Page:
Concise Guide to Technical and Academic Writing


Technical writing is an approach to presenting information to a defined reader in an objective, direct, easy-to-understand manner. Technical writing is a strategy for providing information in an easy-to-use manner. In other words, technical writing is good writing. This writing guide helps you write well and avoid the heavy, tedious, and confusing writing that plagues so many technical documents.

Academic writing, too, is an approach to providing information to a targeted audience, whether a professor, subscribers to a professional journal, or a dissertation committee. Academic writing provides clear information that is focused on a specific topic and organized to present ideas logically. Like technical writing, academic writing is good writing. This writing guide helps you write well and avoid the confusing, dull, pretentious, and wordy writing that plagues so many academic documents.

Concise Guide to Technical and Academic Writing is for people who write Project reports, White papers, Information presentations, Instructional texts, Position papers, Annual reports, Dissertations, Theses, Grant proposals, Expository essays, Book and article reviews, Research findings, and ALL other types of technical and academic documents.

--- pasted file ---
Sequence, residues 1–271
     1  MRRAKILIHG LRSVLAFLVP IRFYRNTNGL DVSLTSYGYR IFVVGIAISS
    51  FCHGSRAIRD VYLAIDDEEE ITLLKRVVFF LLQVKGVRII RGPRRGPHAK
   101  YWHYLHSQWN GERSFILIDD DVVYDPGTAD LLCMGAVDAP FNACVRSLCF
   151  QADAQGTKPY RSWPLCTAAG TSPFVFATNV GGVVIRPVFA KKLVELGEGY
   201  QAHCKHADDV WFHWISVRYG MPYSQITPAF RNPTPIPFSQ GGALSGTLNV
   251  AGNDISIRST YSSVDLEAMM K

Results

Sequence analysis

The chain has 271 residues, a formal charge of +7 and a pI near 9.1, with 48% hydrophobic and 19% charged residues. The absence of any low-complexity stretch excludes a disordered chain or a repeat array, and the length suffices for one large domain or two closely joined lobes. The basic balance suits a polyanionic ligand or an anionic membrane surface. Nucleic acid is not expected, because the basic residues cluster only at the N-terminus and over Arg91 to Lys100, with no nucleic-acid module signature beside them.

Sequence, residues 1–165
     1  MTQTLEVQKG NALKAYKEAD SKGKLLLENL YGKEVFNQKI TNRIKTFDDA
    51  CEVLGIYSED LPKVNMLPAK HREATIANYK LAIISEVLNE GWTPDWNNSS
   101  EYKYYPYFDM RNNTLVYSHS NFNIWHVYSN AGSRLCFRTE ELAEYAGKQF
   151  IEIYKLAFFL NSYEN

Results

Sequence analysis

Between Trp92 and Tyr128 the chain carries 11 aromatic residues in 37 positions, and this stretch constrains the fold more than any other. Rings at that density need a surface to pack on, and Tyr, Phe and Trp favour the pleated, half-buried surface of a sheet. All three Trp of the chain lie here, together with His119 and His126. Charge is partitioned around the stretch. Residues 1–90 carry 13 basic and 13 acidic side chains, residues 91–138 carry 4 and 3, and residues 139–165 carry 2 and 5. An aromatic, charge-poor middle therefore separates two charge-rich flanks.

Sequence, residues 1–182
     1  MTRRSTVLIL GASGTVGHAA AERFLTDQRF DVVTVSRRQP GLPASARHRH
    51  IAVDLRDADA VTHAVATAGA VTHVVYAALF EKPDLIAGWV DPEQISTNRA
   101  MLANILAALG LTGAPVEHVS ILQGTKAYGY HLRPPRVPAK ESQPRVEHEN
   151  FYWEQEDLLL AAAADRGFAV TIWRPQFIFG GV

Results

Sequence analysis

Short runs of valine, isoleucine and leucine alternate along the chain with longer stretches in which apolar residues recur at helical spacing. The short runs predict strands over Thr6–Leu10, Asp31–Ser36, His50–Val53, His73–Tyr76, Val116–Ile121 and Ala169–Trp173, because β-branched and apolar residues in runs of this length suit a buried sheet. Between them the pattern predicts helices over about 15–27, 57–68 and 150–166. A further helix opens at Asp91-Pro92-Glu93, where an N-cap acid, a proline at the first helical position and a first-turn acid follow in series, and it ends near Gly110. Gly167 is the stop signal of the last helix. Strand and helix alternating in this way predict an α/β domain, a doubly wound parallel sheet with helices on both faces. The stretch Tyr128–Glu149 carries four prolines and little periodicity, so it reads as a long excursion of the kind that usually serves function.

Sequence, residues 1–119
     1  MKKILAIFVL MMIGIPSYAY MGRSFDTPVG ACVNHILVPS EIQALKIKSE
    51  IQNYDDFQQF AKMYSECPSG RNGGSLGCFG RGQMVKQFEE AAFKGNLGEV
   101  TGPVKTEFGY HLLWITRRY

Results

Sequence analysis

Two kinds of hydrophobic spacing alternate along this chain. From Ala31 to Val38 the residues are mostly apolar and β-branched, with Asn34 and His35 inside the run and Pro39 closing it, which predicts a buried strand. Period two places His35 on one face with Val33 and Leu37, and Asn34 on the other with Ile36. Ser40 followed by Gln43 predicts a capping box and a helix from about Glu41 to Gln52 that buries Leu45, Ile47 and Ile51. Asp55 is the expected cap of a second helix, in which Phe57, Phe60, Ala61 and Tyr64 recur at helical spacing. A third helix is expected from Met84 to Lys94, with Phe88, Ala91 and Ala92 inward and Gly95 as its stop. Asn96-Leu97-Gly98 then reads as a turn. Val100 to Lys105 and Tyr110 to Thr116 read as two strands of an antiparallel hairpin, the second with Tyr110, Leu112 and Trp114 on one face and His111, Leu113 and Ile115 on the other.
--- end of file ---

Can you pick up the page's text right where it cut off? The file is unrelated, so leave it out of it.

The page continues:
PURCHASE Information and Reviews

BUY: Print version, $9.95

BUY: PDF version, $5.95

BUY: Kindle Version, $5.95

BUY: iBooks Version, $5.99

Book Details

Print version:
Pages: 124
Publisher: Write Well Publishing
ISBN: 978-0988507821
Format: permabound, matte, white, etc.

Other Formats:
PDF, Kindle, iBooks

Book Reviews

Maeve Maddox Ph.D., the American English Doctor, educator, and author
In thirty-plus years of teaching English, ten of them at the college level, I’ve never seen a clearer, more focused presentation of the basic concepts needed to produce readable writing. When I taught freshman composition at a state university, the assigned English text contained 894 pages, not counting a glossary and index. I wish I’d had David Bowman’s Concise Guide to Technical and Academic Writing instead.

In just 69 pages [PDF version], David Bowman succeeds in packing all the grammatical and structural information a writer of technical or academic texts needs to produce a workmanlike product. Not a word is wasted on irrelevancies; only the information needed to write objective, coherent, uncluttered informational prose is included.

The guide is organized into four sections.

In Section A, Bowman sets forth the context and principles of academic and technical writing. He emphasizes the importance of beginning every writing project by thinking about the intended reader. By contrasting five levels of formality in written expression, he illustrates the importance of tailoring language to the intended audience.